The Queen of Clean and the Duchess of Much Less


Flavour of the month in France, we hear, is Marie Kondo’s  The LIfe-Changing Magic of Tidying, which brings the ceremonial spirituality of the tea-ceremony to the art of tidying up, with a few added benefits. Marie believes that rolling your socks up and putting them into serried rows, folding your sweaters a certain way and arranging them in boxes, and similar ceremonial activities, will energise you so that you can dump that bad relationship, lose your anxiety (but presumably, not your OCD tendencies), and, the Holy Grail, lose weight. Well, maybe you will if you’re scurrying round all day folding and packing things away.

Marie has written three books on tidying, with sales of 2 million, has a website that teaches you how best to fold things  up, and runs a consulting business. Her basic premise is simple: only keep things that “truly spark joy”.  She doesn’t seem to believe in books, but she’s very interested in the respect you show your socks and tights.

Gert would like to have the benefits of this system, but she doesn’t want to work so hard at it.  So she’s come up with a few rules for decluttering your life and  taking the work out of keeping your house clean.

1.   Get rid of all your clothes.  All you need is a simple uniform for summer and another for winter (make sure it’s one that sparks joy).  All the better if it’s a onesie, so you only need 2 coat hangers. You can hire clothes for special occasions.

2.  Don’t wear underwear, socks or tights.

3.   One plate, bowl, cup, etc, for each person in the house. Guests can bring their own and take them home to wash up.

4.  No need to stockpile that bulky linen! Use biodegradable sheets and towels. Dig them into the garden when they’re worn out and buy some new ones. Double bonus: you’ll also free up the space where your washing machine used to sit.

5.  Replace that cupboard full of saucepans with one – Gert’s All Purpose Saucepan™,  which, by an ingenious systems of flanges and sprockets, converts to four different sizes.

6.    Your cat can be trained to do the housework  using Gert’s training program Make your Cat a Domestic™ and Gert’s Cat-Friendly Cleaning Tools™. These are,  of course, much smaller than normal – another great space-saver.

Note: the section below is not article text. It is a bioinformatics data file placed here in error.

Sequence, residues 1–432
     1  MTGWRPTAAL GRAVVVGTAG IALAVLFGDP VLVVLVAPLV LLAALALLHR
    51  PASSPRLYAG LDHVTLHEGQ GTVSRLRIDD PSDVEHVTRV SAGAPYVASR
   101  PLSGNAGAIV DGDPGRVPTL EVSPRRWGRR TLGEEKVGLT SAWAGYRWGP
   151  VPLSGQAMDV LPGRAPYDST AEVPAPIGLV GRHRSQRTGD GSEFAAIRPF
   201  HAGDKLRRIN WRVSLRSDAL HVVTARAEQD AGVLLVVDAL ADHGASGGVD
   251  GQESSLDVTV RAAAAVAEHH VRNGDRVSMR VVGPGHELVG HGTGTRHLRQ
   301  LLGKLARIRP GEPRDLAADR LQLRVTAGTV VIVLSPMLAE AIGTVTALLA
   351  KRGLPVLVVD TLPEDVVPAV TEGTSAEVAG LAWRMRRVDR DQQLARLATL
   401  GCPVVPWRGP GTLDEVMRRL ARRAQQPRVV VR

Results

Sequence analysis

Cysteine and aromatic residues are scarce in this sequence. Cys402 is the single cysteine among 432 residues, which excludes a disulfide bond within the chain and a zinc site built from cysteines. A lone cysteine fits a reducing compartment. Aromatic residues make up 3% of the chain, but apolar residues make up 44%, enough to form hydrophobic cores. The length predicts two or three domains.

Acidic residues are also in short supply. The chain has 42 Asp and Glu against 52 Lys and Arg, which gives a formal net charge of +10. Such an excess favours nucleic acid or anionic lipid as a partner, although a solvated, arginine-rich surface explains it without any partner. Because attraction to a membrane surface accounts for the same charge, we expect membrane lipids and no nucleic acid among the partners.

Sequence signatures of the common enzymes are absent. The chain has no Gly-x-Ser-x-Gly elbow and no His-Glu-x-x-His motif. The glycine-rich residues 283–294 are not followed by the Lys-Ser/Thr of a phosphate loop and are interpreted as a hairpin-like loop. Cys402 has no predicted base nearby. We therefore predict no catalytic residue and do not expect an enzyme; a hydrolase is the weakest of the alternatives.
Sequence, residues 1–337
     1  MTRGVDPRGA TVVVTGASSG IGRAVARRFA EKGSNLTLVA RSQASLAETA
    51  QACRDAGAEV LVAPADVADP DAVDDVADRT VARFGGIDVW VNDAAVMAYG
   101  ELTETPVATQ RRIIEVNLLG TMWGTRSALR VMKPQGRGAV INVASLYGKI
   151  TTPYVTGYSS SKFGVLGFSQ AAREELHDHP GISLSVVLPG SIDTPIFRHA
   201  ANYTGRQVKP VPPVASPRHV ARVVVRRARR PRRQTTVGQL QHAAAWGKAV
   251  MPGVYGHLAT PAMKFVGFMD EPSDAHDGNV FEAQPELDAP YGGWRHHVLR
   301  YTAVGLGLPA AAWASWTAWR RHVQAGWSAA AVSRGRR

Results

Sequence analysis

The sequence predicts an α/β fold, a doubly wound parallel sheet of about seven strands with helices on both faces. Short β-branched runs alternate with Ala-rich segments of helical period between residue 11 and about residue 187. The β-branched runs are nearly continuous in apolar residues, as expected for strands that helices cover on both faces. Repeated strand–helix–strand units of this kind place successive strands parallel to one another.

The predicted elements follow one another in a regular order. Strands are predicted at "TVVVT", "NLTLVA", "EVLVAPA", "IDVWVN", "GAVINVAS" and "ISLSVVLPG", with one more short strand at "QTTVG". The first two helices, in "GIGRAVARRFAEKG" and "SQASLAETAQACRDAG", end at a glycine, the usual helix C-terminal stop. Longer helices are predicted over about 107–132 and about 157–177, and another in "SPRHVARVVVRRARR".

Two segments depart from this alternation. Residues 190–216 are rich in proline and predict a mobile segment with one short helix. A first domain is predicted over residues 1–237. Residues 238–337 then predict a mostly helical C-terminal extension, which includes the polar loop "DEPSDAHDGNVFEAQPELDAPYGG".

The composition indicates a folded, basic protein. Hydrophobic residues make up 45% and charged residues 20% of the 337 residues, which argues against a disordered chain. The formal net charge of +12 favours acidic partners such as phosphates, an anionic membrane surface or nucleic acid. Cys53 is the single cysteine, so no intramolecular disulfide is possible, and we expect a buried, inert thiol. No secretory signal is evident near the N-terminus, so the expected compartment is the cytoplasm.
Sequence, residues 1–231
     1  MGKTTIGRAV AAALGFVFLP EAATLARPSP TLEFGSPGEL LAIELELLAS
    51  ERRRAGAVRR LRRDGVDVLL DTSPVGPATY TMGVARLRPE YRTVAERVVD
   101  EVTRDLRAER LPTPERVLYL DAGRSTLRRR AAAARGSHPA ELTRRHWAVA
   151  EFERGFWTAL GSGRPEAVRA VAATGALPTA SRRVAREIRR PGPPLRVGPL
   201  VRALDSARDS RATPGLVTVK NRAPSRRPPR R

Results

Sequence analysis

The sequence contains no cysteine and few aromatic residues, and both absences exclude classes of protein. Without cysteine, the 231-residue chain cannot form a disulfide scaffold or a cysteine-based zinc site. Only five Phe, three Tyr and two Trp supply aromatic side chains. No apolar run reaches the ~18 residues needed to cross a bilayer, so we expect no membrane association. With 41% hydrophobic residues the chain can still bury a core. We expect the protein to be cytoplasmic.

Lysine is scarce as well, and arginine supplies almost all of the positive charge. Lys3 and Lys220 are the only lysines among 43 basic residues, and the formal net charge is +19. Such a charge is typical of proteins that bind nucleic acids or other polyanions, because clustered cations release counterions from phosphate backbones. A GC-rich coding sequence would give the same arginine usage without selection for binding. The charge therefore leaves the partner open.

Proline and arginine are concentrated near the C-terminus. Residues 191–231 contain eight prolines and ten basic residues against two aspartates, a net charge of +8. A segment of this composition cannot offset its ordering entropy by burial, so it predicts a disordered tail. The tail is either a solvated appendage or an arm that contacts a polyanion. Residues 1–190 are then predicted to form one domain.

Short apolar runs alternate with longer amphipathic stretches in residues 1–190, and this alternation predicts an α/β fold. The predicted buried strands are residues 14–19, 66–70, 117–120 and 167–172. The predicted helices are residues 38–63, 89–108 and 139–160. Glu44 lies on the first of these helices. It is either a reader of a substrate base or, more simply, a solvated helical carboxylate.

Do try Gert’s program. And let us know if you lose any weight!


17 thoughts on “The Queen of Clean and the Duchess of Much Less

  1. Gert is really cooking with gas! Oh my, I love the idea of wearing a onesie and getting rid of all those clothes. Then having your company bring their own dishes and taking them back home after to wash. Well that is splendid. I think we might go the paper plate route. What say you?

      1. I actually prefer my Wedgewood bone china. No trips to the supermarket for them. Not a chip out any of it for 50 years of service! Mind you I still have to wash it. But washing Wedgewood is always a delight for me. (Eating off Wedgewodd is even a greater delight!)

  2. Funny. I just came across a book about getting rid of clutter, so you must be tapping some sort of cosmic vein. Idea: why not just sell your house and pitch a tent in your friend’s (assuming you have at least one) front garden.

    1. You may well be able to do that if you follow Marie Kondo’s strict rules. We saw the room of a student who had been ‘decluttered’ by her. No more desk, computer or books.You don’t really need all that clutter. Embrace nature!

  3. Also don’t have children and don’t have pets. I love a good throw out of stuff. Hard rubbish collection is therapeutic for just about everyone, the OCD types and the hoarders.

    1. A good throw out is cathartic. I still pine occasionally for student days when I had one room, and one wardrobe and that was it. Where has it all come from?

  4. I can;t imagine that Marie Kondo would like the room of a first year male student though! I somehow have the idea that you are a very neat person, Charlotte. Am I right?

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